BY CHUCK VANDENBERG
FORT MADISON – In just four years the city’s neighborhood watch program has grown to four groups with possibly two more in the near future.
The groups held a Community Neighborhood Watch meeting on Sunday at Hill Side Inn with representatives from Dry Creek Neighborhood Watch, Lincoln Neighborhood Watch, 34th Place Neighborhood Watch, and Northeast 16 Neighborhood Watch groups present.
It’s been more than a year since the groups all got together for a group meeting.
“We’ve been so busy organizing the citywide events, plus what’s going on in our lives and our own groups, and trying to help start other groups, we just haven’t had time,” said host Larry Lee Stewart, a founder of the Lincoln group.
The newest group encompasses from 2nd Street to 8th Street and from Avenue C to Avenue G.
“This is an ambitious group. I thought Lincoln was wholly smokes huge, but when we did a count there were more than 250 residences in that group,” Stewart said.
Steve Howard, a member with the 34th Neighborhood group, said there is a group interested in starting in the Fareway neighborhood. There is also a group on Avenue K that has been in place for a while, but hasn’t joined the community neighborhood groups.
Howard asked Fort Madison Police Chief Mark Rohloff if he was aware of the group and if there was a way to get the groups to work together.
Rohloff said the community groups are a testament to people who have pride in their community.
“Everbody realizes and understands that the police department has limitations. We’re not there everywhere all the time,” Rohloff said.
He said typically the department has three officers on the road per shift, while last year the police more than 13,600 calls for service, or about 13 per day.
“We spend a lot of time running from call to call which doesn’t allow us a lot of time for crime prevention… being proactive. That’s where you guys come in,” Rohloff said.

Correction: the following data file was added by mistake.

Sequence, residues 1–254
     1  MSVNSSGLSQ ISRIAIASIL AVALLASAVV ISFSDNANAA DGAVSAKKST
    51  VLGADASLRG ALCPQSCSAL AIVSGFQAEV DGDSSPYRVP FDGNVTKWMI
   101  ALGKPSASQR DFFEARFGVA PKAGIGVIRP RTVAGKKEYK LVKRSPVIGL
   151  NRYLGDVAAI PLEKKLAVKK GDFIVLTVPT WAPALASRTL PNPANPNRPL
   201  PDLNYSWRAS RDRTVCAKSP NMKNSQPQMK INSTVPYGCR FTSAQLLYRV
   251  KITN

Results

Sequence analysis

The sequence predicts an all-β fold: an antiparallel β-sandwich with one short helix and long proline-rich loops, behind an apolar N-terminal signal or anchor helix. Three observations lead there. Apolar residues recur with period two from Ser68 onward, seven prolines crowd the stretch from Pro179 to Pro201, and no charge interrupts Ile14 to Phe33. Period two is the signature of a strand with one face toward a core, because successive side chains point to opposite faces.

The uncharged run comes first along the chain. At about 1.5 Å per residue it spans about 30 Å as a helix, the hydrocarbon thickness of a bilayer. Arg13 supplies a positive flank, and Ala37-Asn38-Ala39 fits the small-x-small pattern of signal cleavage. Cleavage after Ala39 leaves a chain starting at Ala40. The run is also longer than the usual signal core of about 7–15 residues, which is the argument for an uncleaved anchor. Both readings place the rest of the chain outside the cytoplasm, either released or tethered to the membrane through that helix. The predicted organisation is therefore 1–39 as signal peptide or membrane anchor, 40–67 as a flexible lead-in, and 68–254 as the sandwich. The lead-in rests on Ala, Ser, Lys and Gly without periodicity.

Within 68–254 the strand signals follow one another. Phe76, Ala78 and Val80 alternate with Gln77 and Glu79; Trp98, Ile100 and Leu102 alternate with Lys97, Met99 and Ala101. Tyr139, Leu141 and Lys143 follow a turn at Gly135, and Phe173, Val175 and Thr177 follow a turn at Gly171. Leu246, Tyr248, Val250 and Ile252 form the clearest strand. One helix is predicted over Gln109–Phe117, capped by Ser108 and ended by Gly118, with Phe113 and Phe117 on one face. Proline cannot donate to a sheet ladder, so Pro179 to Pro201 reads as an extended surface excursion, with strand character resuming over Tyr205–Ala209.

He said watch groups calling in with what they are seeing helps the police be more responsive and deal with issues more effectively.
Rohloff said he puts out rubber snakes to keep critters and birds out of his garden.
“Be a snake, be out there and being visible in your neighborhood really helps deter crime. They know they are going to be watched, and police will be called.”
He said people prone to criminal activity can be driven from the community because of the “snakes” in the garden.
Rohloff said he investigated the city as far as crime rates, and said the city is in the 87th percentile nationwide and said most of the crimes were property crimes.
He said the impact is loss, including insurance rates, livability, and the way the community feels about itself.
“The only way to drive that down is through the cooperative effort between the community and law enforcement to make sure that is addressed properly and that’s something we want to see happen.”
He said it will take everyone’s involvement to help get the job done and crime rate down.
The network is considering holding an all-group Christmas party this year and is also considering sponsoring a city park as part of their give back to the community.